Orchid deceives pollinators, but still offers a reward
The orchid Cypripedium subtropicum lures hoverflies by mimicking an aphid colony covered with honeydew. The hoverflies fall into a trap and while struggling out, they pollinate the flower, as Hong Jiang and colleagues write.
Pollination normally follows the principle ‘give a little, take a little’. Pollinators, such as bees, butterflies and flies, drink nectar from flowers, and through their visits they transfer pollen from one flower to another. A delicacy in exchange for pollen transport.
However, not all plants play a fair game. Some orchids, for instance, mimic a female wasp to attract male wasps. The males fruitlessly attempt to mate and while moving, they pick up or deposit pollen. Such deceptive flowers lure insects with false promises and make use of their services without paying a reward. On the contrary: a deceived male is just wasting its time.
Now, Hong Jiang and colleagues describe another form of deceit in Cypripedium subtropicum, an orchid species that grows in mountain forests in southwest China, Tibet and north Vietnam and that is pollinated by hoverflies. It promises its visitors not a mate, but food. Peculiarly, cheated insects do receive a reward from the plant – albeit an unusual one.
The flowers of Cypripedium subtropicum are dark brown and have an enlarged labellum that has the shape of a pouch and is speckled with white hair tufts. In the eyes of hoverflies, the researchers think, the whole looks like an aphid colony covered with honeydew. And that’s what hoverflies are fond of. Honeydew is a sweet and sticky substance secreted by aphids because the sap they suck from plants contains an excess of sugars. Experiments showed that hoverflies don’t land on orchids that have their white hair tufts removed.
But the imitation goes further. The flowers also smell like an aphid colony: they emit an odour similar to that of alarm pheromones that aphids use to warn each other when danger is imminent.
And to finish it off, the white hair tufts are nutritious and contain a high amount of sugar – just like honeydew. Cypripedium subtropicum mimics the colour, smell and taste of an aphid colony.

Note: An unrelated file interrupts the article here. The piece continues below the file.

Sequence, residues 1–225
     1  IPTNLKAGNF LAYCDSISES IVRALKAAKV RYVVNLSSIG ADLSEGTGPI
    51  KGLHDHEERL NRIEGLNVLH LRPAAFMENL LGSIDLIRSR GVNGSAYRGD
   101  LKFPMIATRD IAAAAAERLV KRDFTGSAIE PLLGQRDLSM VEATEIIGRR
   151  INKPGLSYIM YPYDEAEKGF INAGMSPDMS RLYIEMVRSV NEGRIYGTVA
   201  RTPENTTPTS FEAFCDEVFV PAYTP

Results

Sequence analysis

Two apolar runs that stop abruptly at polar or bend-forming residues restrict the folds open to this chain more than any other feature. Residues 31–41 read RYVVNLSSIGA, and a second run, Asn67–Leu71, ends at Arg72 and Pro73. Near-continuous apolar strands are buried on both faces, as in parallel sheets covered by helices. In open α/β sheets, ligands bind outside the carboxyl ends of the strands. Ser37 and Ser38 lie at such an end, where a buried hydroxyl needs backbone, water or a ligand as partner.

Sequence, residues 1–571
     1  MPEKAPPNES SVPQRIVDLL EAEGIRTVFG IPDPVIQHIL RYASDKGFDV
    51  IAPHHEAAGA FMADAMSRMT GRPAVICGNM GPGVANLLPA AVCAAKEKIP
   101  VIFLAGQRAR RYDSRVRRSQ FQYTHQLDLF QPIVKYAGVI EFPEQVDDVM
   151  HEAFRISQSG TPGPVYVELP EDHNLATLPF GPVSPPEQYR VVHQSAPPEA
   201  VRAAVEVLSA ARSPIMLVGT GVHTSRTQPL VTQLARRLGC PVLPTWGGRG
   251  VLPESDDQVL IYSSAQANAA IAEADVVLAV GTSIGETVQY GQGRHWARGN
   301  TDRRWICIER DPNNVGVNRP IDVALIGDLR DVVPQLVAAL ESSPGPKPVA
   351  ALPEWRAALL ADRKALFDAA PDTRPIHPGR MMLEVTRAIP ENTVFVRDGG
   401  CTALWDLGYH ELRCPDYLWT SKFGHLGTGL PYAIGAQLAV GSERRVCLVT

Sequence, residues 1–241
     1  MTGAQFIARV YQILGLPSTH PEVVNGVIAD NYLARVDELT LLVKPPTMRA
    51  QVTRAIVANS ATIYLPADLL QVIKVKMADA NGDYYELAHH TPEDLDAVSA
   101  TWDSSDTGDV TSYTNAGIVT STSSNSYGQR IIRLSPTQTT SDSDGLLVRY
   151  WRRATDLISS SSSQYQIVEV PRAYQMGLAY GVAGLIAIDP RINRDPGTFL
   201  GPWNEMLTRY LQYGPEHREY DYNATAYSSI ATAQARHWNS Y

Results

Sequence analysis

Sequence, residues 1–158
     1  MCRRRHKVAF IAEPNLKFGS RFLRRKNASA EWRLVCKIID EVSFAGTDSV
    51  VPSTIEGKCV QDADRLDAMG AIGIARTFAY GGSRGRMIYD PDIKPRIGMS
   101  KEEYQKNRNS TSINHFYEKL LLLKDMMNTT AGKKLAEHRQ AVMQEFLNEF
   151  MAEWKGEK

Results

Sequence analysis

Narrow way out
But when hoverflies enjoy the sweet food, it becomes clear that the orchid uses a trick to be pollinated. The labellum has an opening between the white hair tufts. At some moment while eating, a hoverfly will fall into the hole. Crawling back through the opening is impossible because of the curved margin. The animal is trapped.
The only way out is a narrow cleft at the top of the back of the pouch, through which the hoverfly can scramble out. It will first pass the flower’s pistil and then the stamens. When it squeezes along the stamens, a smear of pollen will attach on its back. And if it is trapped again during the next flower visit and tries to escape, it will deposit that pollen on the pistil. Subsequently, it picks up a new dose of pollen.
Cypripedium subtropicum forces hoverflies to pollinate it by trapping them, but at least they get an edible reward in return. The promise is not entirely false in this case.
Willy van Strien
Photo: ©Hong Jiang
Jiang, H., J-J. Kong, H-C. Chen, Z-Y. Xiang, W-P. Zhang, Z-D. Han, P-C. Liao & Y-i Lee, 2020. Cypripedium subtropicum (Orchidaceae) employs aphid colony mimicry to attract hoverfly (Syrphidae) pollinators. New Phytologist, online April 26. Doi: 10.1111/nph.16623